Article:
And so to the question – what will Merkel do once the political stress is over? She has long made clear that her Chancellorship will definitely come to an end after the federal elections at the end of September 2021, even if there are many voters and many in the party who would gladly have it otherwise. 

Will Merkel ever ‘retire’?

Some close companions have said that Merkel is not thinking much about retirement at the moment – mainly because she simply doesn’t have time for it now. Merkel will surely have more time than before to relax in her beloved holiday home near Templin in the Uckermark.

Her desire to travel abroad, for example to the US, is also well known. And of course, she will finally have more leisure time and time to enjoy classical music and her love of Wagner, which she shares with her husband Joachim Sauer. 

But hardly anyone who knows her well can really imagine Merkel retiring into a private life after living a life of politics. It could well be that the ex-chancellor will be engaged in one of the themes which are close to her heart such as Africa, women, health and the fight against nationalism.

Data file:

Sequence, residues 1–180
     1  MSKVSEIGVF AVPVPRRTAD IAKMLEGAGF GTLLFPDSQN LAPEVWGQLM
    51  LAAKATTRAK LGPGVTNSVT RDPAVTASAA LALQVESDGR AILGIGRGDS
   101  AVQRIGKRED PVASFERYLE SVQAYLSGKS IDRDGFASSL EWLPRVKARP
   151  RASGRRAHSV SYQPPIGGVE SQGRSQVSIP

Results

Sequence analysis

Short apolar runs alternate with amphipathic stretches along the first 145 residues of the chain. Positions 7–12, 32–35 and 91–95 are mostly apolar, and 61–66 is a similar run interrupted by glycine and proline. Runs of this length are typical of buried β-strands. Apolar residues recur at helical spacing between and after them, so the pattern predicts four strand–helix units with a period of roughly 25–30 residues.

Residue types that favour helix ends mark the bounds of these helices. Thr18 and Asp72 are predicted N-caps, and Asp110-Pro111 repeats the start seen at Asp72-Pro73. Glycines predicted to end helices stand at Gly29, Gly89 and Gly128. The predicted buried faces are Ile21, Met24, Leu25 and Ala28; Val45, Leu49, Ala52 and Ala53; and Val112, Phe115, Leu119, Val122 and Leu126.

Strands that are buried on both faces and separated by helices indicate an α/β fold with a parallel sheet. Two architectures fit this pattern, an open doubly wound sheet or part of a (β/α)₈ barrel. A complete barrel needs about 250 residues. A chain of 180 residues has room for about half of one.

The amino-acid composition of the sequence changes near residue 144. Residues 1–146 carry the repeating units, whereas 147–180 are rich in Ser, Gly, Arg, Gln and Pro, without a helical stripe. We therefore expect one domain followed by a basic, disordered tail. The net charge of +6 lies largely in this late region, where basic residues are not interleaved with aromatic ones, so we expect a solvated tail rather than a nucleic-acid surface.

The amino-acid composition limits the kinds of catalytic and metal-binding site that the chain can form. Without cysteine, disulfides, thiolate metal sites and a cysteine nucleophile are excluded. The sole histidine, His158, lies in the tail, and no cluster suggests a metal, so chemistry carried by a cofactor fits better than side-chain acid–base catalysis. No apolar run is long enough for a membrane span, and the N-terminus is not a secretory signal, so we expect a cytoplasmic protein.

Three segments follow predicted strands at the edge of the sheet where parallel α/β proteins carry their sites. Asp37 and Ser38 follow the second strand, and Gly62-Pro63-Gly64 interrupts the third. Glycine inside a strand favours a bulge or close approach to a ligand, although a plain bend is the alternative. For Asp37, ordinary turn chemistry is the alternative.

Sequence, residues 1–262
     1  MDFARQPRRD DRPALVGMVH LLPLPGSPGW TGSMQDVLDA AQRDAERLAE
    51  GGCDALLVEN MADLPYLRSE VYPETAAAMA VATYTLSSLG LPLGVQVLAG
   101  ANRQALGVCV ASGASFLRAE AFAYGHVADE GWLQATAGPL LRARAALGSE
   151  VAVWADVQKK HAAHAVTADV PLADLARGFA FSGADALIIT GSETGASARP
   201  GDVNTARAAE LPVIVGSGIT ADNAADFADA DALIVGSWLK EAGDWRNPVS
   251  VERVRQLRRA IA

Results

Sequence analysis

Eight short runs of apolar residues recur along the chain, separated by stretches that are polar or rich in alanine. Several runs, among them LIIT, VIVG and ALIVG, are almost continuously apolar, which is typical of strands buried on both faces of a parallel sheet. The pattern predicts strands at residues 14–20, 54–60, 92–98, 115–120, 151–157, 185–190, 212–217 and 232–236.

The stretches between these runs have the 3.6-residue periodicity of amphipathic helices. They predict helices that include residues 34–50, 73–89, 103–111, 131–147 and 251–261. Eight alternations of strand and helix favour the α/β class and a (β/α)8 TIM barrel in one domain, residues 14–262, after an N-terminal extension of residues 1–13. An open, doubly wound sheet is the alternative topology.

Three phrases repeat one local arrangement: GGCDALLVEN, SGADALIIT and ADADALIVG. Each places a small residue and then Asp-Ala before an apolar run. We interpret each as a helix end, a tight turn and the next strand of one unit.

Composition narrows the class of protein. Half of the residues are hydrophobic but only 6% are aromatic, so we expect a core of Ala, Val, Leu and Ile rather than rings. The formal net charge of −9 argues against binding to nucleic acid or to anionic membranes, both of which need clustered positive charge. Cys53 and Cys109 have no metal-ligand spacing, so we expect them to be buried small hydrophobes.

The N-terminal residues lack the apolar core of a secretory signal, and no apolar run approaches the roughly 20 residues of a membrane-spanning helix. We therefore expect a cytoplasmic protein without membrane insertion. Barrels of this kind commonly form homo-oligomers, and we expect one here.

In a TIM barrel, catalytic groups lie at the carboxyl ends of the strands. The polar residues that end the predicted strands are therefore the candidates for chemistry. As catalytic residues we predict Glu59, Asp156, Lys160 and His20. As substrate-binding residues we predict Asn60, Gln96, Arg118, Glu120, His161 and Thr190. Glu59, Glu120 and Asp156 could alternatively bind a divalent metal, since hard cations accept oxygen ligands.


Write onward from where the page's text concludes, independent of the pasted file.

More than 20 years ago, Merkel told photographer Herlinde Koelbl that she wished to avoid leaving politics as a “half-dead wreck”. 

It looks like, unlike many of her predecessors, she has managed to choose the right time to say goodbye to politics.

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Sleep, seaside, potato soup: What will Merkel do next?

 After 16 years in charge of Europe's biggest economy, the first thing Angela Merkel wants to do when she retires from politics is take "a little nap". But what about after that?

Outgoing German Chancellor Angela Merkel briefly closes her eyes and smiles at a 2018 press conference in Berlin.
Outgoing German Chancellor Angela Merkel briefly closes her eyes at a 2018 press conference in Berlin. Aside from plans to take "a little nap" after retiring this week, she hasn't given much away about what she might do next. Tobias SCHWARZ / AFP

The veteran chancellor has been tight-lipped about what she will do after handing over the reins to her successor Olaf Scholz on December 8th.

During her four terms in office, 67-year-old Merkel was often described as the most powerful woman in the world — but she hinted recently that she will not miss being in charge.

“I will understand very quickly that all this is now someone else’s responsibility. And I think I’m going to like that situation a lot,” she said during a trip to Washington this summer.

Famous for her stamina and her ability to remain fresh after all-night meetings, Merkel once said she can store sleep like a camel stores water.

But when asked about her retirement in Washington, she replied: “Maybe I’ll try to read something, then my eyes will start to close because I’m tired, so I’ll take a little nap, and then we’ll see where I show up.”

READ ALSO: ‘Eternal’ chancellor: Germany’s Merkel to hand over power
READ ALSO: The Merkel-Raute: How a hand gesture became a brand